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Second Water Canyon, AZ

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Guide 7 Triplogs  0 Topics
Rated  Favorite Wish List AZ > Phoenix > Superstitions NW
Rated
3.7
3.7 of 5 by 3
 
0
Canyons are inherently risky. Flash floods occur without notice on sunny days. Technical skills & surrounding topography knowledge required yet does not eliminate risk.
Statistics
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Difficulty 2 of 5
Route Finding 2 of 5
Distance One Way 2 miles
Trailhead Elevation 2,300 feet
Elevation Gain -500 feet
Accumulated Gain 500 feet
Avg Time One Way 1.5 hours
Kokopelli Seeds 3.67
Interest Off Trail Hiking & Seasonal Creek
Backpack Yes & Connecting
Photos Viewed All Mine Following
47  2018-03-17 rayhuston
25  2018-02-10
Canyon Lake to Second Water Canyon Backpack
johnmc22
4  2015-06-08 gummo
24  2014-01-22 AZLumberjack
10  2012-10-28 wallyfrack
Author JoelHazelton
author avatar Guides 16
Routes 10
Photos 967
Trips 406 map ( 1,971 miles )
Age 33 Male Gender
Location Phoenix, AZ
Historical Weather
Trailhead Forecast
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Preferred   Nov, Dec, Feb, Mar → 7 AM
Seasons   Autumn to Spring
Sun  6:13am - 6:24pm
Route
 
2 Alternative
 
Water
Fauna Nearby
Named place Nearby
Not just the name of a trail.
by JoelHazelton

Overview: Second Water Canyon is a short, not too spectacular, yet interesting canyon that runs south to north across Black Mesa and connects the Second Water Trail with the Black Mesa Trail. When I hiked it, I hiked from the north end to the south end, but the better option would probably be in the other direction, so I will describe it that way.


Note: In the statistics, I put the average time and elevation gain for the canyon itself, but access to either end requires at least a couple miles hike. Refer to the Second Water Trail for access to the lower end and Black Mesa Loop for the upper end.

Hike: Access to the upper end of this canyon is from the Black Mesa trail. From the Second Water- Black Mesa junction, hike the Black Mesa Trail up to the top of the mesa. As soon as you reach the top of the mesa (when there is no longer a steep slope immediately to your left), exit the trail to your left and head east-northeast through the forest of cholla.

You will have a short ascent of about 70 feet of gain (depending on how soon you exited the trail) before you top out and start to head downhill. From where you top out, you can see the small, rocky peak 2675 that juts out from the top of the mesa to the east. Head directly towards this peak. This is where pants come in handy, as the prickly desert vegetation up here is abundant and thick. I wore shorts on this hike and feel very lucky to have not once gotten a jumping cholla stuck in my leg. As you near the peak, the contour of the land will bring you to the bottom of the canyon, which is a small, cat-claw filled ravine at this point. You will most likely not be able to travel in the bottom of the ravine quite yet, so once you reach it, you'll have to parallel it for a bit. This portion is fairly slow and not particularly enjoyable. It seemed to me that travel on creek-right was a bit easier, but I can't be too sure. It probably doesn't really make that much of a difference anyway.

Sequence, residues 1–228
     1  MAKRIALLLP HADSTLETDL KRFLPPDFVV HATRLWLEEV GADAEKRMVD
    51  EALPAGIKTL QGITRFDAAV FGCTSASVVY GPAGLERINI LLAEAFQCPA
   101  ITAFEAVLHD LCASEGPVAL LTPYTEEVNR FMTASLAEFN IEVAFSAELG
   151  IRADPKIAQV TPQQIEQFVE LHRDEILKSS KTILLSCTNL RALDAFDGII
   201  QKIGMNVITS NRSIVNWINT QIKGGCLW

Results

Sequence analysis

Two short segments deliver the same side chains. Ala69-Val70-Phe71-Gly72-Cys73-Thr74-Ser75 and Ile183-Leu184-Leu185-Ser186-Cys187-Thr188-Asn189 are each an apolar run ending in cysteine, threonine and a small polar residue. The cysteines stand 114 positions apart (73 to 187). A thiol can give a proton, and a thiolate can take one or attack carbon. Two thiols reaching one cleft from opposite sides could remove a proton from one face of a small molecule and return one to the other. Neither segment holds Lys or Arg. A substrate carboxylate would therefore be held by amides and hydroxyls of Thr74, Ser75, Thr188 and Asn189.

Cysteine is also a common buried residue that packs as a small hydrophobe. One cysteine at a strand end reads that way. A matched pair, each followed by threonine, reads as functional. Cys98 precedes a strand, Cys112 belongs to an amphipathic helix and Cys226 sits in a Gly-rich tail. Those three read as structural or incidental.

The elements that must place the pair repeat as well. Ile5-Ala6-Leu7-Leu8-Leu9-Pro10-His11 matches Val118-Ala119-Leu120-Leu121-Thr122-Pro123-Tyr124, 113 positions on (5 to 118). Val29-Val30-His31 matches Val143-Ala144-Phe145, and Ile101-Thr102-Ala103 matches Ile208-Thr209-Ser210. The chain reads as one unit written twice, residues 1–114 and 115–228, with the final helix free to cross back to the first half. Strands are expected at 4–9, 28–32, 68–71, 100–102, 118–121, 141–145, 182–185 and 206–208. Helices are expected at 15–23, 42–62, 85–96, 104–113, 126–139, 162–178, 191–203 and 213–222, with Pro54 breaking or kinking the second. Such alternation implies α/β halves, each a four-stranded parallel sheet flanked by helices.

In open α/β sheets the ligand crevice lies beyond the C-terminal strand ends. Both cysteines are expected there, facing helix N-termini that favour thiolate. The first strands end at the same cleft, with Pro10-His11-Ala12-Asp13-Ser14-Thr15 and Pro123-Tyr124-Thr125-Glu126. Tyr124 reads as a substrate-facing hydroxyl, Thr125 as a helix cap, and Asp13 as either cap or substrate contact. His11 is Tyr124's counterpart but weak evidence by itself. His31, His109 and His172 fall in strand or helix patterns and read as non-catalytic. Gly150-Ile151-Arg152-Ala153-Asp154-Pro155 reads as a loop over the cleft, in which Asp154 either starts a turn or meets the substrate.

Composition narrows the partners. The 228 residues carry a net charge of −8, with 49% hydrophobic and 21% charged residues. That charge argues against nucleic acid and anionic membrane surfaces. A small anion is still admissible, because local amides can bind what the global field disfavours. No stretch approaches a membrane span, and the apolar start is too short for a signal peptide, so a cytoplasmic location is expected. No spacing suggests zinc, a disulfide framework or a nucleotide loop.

Soon, the ravine starts becoming a bit more of a canyon and the vegetation starts to clear up. Hop in! It's not totally clear yet, but I assure you, it's better than paralleling it. When the canyon takes a turn to the right it becomes fun! The boulders become larger, but are pretty easy scrambles. There may be a few pools of water to dodge, but nothing bad. At about 1.5 miles the canyon starts to level out again, widens, the vegetation starts to thicken, and the water is more abundant. When I went, there were quite a few patches of tall, thick grass that were necessary to walk through, so the snake stick came in handy so that I wouldn't step on anything. The closer you get to the spring, the prettier it becomes. When you reach the spring area, there will be a flat, grassy area to the right of the creek that could hold half a dozen campsites (I could be exaggerating slightly; I don't quite remember). Around here is a great place for a break and a snack. The stretch from here to the Second Water Trail (1/4 mile, tops) is beautiful, especially if the spring is running as it was when I was there, but the last hundred yards or so is a pretty rough bushwhack. When you hit the Second Water Trail, turn left, and continue back to the trailhead for a loop of about 8.5 miles. Or, if you're not finished yet, turn right and continue on to Boulder Canyon for some more exploration.